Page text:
Hall Receives 2010-11 NCAA National Student-Athlete Sportsmanship Award

Hall Receives 2010-11 NCAA National Student-Athlete Sportsmanship Award

Buzzards Bay, Mass. --  Massachusetts Maritime women’s cross country and outdoor track & field standout Meredith Hall has been named as one of four recipients of the 2010-11 National Student-Athlete Sportsmanship Awards presented by the National Collegiate Athletic Association (NCAA) in recognition of her actions during competition last fall.

The NCAA Student-Athlete Sportsmanship Awards honor student-athletes who, through their actions in the competitive arena of intercollegiate athletics, have demonstrated one or more of the ideals of sportsmanship, which include fairness, civility, honesty, unselfishness, respect and responsibility.  Hall was one of two recipients of the Divisional Student-Athlete Sportsmanship Award, an honor she shared with outdoor track & field competitor Tony Evans of the College of St. Scholastica (Minn.).  The other two recipients of National Student-Athlete Sportsmanship Awards were rower Courtney Berger of Nova Southeastern (Fla.) University and outdoor track & field standout Louis Day of the University of South Carolina.

A native of Duxbury, Mass., Hall earned her degree in Emergency Management from Massachusetts Maritime in June.  The former Duxbury High School standout concluded a stellar two-sport career by being named as the Academy’s Alumni Female Athlete of the Year, as she captained both the cross country and outdoor track & field squads and set the school record in the javelin.  Hall earned the Massachusetts State Collegiate Athletic Conference’s (MASCAC) Presidential Sportsmanship Award in May, which led to her nomination for the prestigious NCAA national accolade.

“I’m very honored and appreciative to receive this award,” Hall said.  “It is a testament to everyone along the way who has taught me to do the right thing.”

While competing for the Buccaneers in the Codfish Bowl Invitational on September 25, 2010 at Franklin Park in Boston, Hall was in the middle of her run along the five kilometer course when she came upon Brandeis University senior Hannah Lindholm, a fellow competitor whose boyfriend was a classmate of Hall’s at Duxbury High.  Lindholm, who Hall has become friendly with over the years, had stopped running, was holding her chest and having difficulty breathing—as it turns out, she was suffering an asthma attack.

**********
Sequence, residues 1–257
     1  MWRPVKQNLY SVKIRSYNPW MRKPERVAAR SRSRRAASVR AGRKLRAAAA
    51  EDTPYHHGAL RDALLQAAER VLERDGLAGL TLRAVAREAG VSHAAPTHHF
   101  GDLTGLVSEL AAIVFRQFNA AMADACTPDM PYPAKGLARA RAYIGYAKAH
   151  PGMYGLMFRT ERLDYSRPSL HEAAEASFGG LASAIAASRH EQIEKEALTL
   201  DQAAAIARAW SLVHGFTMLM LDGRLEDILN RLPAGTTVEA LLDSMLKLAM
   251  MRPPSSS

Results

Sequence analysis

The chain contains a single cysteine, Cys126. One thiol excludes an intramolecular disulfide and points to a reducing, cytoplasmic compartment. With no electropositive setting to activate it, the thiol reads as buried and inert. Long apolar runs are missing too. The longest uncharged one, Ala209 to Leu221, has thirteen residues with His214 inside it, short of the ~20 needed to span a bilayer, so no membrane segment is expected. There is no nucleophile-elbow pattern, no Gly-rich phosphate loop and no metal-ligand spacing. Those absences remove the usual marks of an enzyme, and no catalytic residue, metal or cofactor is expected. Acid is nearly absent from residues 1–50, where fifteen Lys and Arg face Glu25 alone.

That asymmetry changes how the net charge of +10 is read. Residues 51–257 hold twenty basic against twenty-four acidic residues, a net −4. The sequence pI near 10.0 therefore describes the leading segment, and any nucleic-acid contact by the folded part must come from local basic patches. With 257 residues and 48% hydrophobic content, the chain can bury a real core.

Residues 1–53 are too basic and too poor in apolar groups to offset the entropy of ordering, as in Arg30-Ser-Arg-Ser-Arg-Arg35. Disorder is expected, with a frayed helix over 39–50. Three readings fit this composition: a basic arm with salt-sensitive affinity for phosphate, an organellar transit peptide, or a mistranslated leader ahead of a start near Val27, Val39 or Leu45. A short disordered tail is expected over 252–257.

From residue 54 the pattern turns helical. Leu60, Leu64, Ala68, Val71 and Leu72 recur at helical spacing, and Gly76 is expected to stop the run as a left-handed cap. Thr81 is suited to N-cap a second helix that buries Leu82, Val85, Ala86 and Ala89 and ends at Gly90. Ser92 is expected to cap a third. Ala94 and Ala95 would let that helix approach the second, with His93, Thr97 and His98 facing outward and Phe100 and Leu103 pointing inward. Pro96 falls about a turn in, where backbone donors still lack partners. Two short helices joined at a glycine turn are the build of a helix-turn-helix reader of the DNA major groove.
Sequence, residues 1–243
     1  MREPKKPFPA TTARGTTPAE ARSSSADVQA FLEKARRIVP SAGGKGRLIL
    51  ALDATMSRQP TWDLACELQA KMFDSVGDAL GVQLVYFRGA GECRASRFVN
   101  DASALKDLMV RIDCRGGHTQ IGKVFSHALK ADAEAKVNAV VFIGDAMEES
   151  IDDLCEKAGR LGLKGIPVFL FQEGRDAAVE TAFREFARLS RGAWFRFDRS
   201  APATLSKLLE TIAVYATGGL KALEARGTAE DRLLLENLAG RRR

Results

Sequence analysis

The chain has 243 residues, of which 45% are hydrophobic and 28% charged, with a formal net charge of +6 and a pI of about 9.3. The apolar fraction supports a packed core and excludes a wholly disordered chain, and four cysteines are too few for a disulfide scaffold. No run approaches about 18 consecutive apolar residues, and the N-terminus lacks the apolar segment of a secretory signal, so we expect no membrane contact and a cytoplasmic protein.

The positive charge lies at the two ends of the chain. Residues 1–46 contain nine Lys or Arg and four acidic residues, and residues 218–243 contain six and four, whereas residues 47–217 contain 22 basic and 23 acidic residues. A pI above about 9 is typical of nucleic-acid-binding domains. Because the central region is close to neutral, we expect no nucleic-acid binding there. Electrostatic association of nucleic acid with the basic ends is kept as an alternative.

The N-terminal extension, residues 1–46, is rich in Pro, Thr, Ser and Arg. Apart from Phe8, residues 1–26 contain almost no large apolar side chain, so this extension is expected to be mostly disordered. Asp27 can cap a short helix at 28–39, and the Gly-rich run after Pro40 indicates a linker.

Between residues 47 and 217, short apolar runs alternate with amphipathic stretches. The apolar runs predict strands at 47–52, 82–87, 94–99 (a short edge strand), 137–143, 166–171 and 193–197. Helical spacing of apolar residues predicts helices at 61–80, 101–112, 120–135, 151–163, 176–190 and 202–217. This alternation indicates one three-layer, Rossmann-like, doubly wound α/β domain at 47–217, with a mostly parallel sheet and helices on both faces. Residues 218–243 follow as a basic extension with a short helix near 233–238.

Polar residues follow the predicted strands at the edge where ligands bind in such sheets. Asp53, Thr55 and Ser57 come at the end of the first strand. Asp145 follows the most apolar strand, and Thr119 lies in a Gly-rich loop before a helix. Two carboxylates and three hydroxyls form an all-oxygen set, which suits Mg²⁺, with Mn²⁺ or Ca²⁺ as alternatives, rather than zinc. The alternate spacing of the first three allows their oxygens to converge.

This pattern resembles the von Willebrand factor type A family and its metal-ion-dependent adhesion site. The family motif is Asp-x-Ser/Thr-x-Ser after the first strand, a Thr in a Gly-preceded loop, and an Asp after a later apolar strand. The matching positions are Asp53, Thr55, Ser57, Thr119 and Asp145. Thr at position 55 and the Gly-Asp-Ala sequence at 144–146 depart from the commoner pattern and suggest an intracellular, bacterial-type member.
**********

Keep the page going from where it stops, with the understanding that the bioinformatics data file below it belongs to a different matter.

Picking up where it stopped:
Hall stopped competing to assess Lindholm’s situation.  Lindholm, whose boyfriend was on the scene as well, told Hall that she was fine and she should keep running.  But Hall was not convinced, and after taking one step forward, she took two steps back and stayed out of the race until she knew that Lindholm was going to be attended to by the medical staff on hand. 

“She told me to keep going,” said Hall afterwards, “but I wasn’t going to leave her alone.”

In the process, she sacrificed both time and team standing in the competition  In fact, Hall, who has been one of the Buccaneers’ top performers throughout her career, was the second Massachusetts Maritime runner across the line with a time of 24:16 that was good for 153rd place when she was on a solid pace in the event.

The sacrifice of time and placement meant nothing.  It was Lindholm’s health and well-being that was the primary concern for Hall both during and after the race.  Lindholm was treated at the scene and completed the remainder of her senior season.

“Anyone would have done the same thing,” Hall said at the time.  “I know she would have done the same thing for me.”

“It was really sweet and courageous that Meredith stopped to make sure I was alright,” Lindholm said of Hall’s action.  “I was at first surprised she stopped, as I had waved a couple of runners on and told them I was OK, but Meredith was so kind to me—I really appreciated everything she did.”

While Hall spoke humbly in a matter-of-fact fashion about the event afterwards, Buccaneer Head Coach Linda Letourneau praised her captain for her actions and the lesson of sportsmanship it highlighted.

“True to her EMT training, Meredith did what she was trained to do, sacrificing her time, her overall place and the team’s standing to do it,” Letourneau said.  “I can’t say enough positive things about the way she reacted and handled a difficult situation.”

Hall was the top performer for the Buccaneers at last fall’s MASCAC Championships, as she posted a 34th place individual finish in her final collegiate race.  In addition to being named as the Female Athlete of the Year, Meredith also received a Student-Athlete Advisory Committee Service Award prior to graduation for her leadership as a member of that committee.

“Meredith Hall truly represents the all-around meaning of the term “student-athlete”, as she is a leader both by example and principle,” Massachusetts Maritime Director of Athletics Bob Corradi says of Hall’s national accolade.  “Her selfless actions reflect an individual of great character, value and integrity, and her legacy is one that future Buccaneer student-athletes will strive to emulate in their everyday lives.”

Hall’s honor is the second major NCAA award that has been bestowed upon a Massachusetts Maritime student-athlete in the past two years.  In January 2010, former men’s basketball standout Captain Richard Phillips ’79, who gained worldwide attention while being held captive by Somali pirates as captain of the Maersk Alabama in April 2009, received the 2009 NCAA Award of Valor at the organization’s Honors Dinner in Atlanta, Ga.